Julio César Trujillo, who Forbes magazine called the “most powerful man in Ecuador,” suffered a major stroke Tuesday afternoon and remains hospitalized in Quito. As president of the Transitory Citizen Participation and Social Control Council (Cpccs-t), Trujillo led the effort to dismiss dozens of appointed officials, including judges of the country’s highest court, which the council considered corrupt or unqualified.
Many of those dismissed by Cpccs-t were appointments and allies of former president Rafael Correa.
Doctors at Metropolitan Hospital said Wednesday afternoon that Trujillo, who is 88, was unconscious but resting comfortably. Based on his wishes, his wife said there were would be no surgery or other “extraordinary efforts” to resuscitate him.
Trained as an attorney, Trujillo had a long career in politics and served as a member of the national assembly, as national ombudsman and as president of the tribunal of constitutional guarantees. Originally a member of the Conservative Party, Trujillo moved to the left as a result of his legal representation of workers and indigenous groups. During Ecuador’s period of dictatorship in the 1970s, he advocated for democracy and was forced to hide out in the Amazon jungle from the ruling junta, which wanted him arrested.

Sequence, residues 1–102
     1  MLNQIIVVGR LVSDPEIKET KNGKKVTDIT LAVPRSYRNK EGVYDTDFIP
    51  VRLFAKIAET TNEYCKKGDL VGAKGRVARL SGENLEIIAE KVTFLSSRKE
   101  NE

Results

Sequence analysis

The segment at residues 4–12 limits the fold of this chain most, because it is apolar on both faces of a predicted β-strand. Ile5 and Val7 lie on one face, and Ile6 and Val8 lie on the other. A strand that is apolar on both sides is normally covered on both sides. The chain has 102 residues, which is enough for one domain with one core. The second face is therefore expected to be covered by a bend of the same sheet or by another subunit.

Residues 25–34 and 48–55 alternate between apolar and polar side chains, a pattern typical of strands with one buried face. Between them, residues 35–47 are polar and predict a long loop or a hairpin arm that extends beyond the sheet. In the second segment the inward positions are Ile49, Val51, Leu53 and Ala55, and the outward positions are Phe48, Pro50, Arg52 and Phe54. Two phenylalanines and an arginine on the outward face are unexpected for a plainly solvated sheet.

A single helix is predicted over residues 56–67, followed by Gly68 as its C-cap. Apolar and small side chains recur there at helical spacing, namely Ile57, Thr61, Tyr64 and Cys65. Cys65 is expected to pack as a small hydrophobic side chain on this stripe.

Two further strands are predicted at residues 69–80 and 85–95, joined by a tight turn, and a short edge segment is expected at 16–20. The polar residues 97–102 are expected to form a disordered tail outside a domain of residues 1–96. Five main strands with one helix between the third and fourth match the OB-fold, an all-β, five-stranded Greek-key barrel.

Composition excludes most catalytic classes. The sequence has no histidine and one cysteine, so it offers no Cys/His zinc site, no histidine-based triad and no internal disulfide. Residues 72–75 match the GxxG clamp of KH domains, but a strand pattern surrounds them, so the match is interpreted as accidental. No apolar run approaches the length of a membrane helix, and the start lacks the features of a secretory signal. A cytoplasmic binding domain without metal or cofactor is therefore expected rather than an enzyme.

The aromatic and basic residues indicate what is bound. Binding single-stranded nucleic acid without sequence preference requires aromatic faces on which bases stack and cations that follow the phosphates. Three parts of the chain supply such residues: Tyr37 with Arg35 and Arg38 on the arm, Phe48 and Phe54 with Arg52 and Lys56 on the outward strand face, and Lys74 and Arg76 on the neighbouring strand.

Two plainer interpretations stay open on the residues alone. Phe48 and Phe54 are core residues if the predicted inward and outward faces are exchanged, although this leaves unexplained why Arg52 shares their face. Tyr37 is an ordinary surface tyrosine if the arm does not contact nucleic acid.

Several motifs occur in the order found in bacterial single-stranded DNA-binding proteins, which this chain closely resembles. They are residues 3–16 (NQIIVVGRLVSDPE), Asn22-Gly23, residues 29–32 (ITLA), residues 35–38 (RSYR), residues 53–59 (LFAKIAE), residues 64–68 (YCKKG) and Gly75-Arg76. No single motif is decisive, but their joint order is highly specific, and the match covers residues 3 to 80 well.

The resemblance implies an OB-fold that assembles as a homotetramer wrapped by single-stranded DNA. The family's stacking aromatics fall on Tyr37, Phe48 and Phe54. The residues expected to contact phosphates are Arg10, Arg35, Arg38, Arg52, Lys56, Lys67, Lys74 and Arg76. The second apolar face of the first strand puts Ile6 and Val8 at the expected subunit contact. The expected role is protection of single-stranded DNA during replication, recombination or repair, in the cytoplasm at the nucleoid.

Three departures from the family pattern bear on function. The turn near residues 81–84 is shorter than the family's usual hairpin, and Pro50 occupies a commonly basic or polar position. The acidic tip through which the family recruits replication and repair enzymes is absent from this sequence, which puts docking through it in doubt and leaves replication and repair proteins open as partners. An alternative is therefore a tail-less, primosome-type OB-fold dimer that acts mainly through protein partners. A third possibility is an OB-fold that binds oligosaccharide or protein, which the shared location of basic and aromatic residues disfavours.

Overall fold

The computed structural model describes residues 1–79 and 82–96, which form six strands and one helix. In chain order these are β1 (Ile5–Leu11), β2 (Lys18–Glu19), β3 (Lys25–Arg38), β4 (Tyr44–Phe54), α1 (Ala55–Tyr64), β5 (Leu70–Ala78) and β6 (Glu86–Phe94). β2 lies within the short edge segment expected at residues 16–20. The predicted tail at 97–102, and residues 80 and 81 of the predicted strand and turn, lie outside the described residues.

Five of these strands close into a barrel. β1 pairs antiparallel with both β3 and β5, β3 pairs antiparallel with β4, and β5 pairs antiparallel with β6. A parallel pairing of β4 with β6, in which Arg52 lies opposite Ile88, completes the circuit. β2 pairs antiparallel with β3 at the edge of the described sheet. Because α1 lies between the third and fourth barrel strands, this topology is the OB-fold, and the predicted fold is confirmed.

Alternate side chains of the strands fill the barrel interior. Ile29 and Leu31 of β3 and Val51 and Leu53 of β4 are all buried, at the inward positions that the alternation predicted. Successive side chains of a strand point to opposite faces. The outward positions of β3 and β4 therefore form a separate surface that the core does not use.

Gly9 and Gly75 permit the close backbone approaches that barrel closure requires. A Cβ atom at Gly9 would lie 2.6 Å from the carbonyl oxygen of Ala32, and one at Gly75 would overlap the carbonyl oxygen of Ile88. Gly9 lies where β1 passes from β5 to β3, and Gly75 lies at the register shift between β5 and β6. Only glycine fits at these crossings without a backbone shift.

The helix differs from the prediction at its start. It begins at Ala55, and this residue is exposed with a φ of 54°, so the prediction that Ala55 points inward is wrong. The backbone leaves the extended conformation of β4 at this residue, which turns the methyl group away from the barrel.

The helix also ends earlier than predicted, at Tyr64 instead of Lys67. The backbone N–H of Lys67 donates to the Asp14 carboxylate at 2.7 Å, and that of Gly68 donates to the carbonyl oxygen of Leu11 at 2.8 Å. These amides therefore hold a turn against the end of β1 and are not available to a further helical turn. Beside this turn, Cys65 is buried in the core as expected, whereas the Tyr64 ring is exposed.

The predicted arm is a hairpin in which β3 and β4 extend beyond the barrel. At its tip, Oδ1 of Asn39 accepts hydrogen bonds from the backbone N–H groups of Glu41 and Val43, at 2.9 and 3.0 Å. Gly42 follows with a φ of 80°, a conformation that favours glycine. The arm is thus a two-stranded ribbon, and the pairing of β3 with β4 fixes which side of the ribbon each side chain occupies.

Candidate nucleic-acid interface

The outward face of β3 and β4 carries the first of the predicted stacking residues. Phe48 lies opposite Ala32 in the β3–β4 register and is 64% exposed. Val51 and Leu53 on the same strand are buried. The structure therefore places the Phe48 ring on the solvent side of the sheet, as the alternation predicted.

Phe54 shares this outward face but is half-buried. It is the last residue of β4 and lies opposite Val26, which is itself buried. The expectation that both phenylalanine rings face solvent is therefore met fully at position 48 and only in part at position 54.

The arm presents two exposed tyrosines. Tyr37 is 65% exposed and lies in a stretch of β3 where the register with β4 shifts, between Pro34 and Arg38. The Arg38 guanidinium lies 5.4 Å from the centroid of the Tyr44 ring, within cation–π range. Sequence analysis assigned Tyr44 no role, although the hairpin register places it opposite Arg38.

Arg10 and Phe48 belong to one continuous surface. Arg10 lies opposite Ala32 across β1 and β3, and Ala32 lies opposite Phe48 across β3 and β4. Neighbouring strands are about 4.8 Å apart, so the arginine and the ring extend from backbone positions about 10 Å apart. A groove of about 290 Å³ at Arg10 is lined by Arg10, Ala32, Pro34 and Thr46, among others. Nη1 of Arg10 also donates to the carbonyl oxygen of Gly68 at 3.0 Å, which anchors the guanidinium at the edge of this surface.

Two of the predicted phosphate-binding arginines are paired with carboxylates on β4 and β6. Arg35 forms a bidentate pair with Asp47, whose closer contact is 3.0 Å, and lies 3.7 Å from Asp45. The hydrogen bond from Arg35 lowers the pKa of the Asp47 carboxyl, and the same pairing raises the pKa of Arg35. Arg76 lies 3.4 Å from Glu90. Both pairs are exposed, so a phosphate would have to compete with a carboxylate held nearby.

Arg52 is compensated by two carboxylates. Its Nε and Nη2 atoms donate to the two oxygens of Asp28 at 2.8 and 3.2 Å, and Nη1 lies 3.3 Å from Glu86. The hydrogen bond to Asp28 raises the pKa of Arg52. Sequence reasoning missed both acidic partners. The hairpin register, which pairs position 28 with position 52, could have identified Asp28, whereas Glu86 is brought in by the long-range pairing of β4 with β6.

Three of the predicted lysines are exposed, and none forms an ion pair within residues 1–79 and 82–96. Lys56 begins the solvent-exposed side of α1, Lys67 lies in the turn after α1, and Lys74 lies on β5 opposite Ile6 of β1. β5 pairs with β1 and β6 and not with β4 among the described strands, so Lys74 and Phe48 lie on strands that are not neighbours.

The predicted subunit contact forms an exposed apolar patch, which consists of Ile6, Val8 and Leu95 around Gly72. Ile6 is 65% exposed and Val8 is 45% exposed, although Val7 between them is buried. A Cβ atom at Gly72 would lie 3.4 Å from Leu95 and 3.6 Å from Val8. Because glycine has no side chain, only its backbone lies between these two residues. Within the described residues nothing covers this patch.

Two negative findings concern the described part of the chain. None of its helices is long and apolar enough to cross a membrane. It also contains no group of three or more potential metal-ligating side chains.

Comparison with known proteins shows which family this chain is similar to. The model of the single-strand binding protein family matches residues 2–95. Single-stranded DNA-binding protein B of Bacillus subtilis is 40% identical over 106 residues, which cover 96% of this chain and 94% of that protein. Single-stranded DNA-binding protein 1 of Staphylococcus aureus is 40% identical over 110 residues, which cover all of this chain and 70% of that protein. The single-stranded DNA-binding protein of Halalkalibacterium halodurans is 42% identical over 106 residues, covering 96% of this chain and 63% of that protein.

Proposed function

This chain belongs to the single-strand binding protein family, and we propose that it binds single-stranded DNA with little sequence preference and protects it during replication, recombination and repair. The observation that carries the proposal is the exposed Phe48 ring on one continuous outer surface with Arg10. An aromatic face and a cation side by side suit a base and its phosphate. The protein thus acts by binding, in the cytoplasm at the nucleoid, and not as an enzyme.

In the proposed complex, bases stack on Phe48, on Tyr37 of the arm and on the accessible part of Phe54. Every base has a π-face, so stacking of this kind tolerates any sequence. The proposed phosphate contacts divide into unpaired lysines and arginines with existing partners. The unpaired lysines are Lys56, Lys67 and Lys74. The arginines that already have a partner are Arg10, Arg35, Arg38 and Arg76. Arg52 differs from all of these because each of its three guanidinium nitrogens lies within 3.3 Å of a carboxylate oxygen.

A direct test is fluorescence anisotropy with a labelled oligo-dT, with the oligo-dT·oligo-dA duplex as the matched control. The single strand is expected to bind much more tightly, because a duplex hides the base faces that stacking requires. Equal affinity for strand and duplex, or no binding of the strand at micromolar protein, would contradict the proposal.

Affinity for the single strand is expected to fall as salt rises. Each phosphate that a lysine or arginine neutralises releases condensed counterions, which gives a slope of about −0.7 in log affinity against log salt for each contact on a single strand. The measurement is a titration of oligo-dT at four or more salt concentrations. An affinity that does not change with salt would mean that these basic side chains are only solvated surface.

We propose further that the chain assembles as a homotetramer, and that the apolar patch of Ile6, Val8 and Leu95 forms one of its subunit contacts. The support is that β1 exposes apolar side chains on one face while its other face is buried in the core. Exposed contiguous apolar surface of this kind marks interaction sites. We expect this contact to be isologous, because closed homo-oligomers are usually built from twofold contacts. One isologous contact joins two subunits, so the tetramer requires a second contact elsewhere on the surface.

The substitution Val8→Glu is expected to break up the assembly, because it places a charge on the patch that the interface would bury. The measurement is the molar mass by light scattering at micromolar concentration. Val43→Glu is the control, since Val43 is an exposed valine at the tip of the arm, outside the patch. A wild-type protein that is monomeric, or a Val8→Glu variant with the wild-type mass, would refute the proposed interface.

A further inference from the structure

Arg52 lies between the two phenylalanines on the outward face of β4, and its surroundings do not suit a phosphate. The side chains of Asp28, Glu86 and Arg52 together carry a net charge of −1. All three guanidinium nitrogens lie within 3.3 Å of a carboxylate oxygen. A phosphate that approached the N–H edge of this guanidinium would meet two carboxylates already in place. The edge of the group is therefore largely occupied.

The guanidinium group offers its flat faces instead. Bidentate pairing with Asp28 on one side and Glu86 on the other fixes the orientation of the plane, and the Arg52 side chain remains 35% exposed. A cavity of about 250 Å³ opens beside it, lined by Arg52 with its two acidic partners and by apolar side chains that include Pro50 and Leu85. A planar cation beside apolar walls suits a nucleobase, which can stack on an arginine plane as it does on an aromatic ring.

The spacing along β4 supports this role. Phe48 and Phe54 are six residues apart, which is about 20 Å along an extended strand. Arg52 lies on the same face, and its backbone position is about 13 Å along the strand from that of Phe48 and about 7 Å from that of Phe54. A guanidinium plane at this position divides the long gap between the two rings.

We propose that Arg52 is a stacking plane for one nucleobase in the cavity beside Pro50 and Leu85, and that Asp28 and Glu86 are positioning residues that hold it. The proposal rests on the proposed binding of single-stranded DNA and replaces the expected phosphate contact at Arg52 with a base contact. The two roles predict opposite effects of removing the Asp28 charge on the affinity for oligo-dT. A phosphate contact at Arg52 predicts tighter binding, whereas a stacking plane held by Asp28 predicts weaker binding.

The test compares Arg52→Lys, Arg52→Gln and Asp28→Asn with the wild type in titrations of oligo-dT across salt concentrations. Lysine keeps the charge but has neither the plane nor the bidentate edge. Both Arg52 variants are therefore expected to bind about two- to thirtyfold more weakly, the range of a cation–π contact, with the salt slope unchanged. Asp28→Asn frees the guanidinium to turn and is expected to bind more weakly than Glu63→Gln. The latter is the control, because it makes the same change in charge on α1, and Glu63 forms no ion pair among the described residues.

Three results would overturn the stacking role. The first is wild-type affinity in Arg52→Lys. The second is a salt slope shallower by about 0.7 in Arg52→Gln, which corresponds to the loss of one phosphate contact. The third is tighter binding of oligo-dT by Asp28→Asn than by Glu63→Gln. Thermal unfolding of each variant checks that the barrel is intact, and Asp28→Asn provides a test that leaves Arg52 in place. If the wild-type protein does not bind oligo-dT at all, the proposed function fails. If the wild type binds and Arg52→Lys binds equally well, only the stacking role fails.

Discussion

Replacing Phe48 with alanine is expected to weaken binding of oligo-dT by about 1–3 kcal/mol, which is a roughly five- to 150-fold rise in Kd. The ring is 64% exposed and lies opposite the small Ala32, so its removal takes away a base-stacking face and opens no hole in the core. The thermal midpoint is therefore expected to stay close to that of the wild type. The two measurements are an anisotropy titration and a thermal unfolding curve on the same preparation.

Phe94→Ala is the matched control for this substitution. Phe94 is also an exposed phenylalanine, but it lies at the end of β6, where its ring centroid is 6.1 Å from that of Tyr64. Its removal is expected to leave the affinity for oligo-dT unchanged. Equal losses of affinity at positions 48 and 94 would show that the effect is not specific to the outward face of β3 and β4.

He ran for president in 1984 but received less than five percent of the vote.
Following the 2018 national referendum, Trujillo was named to head the Cpccs-t and lead the investigations of hundreds of public officials.
According to Forbes, Trujillo and his council were responsible “for reshaping the political landscape of Ecuador.”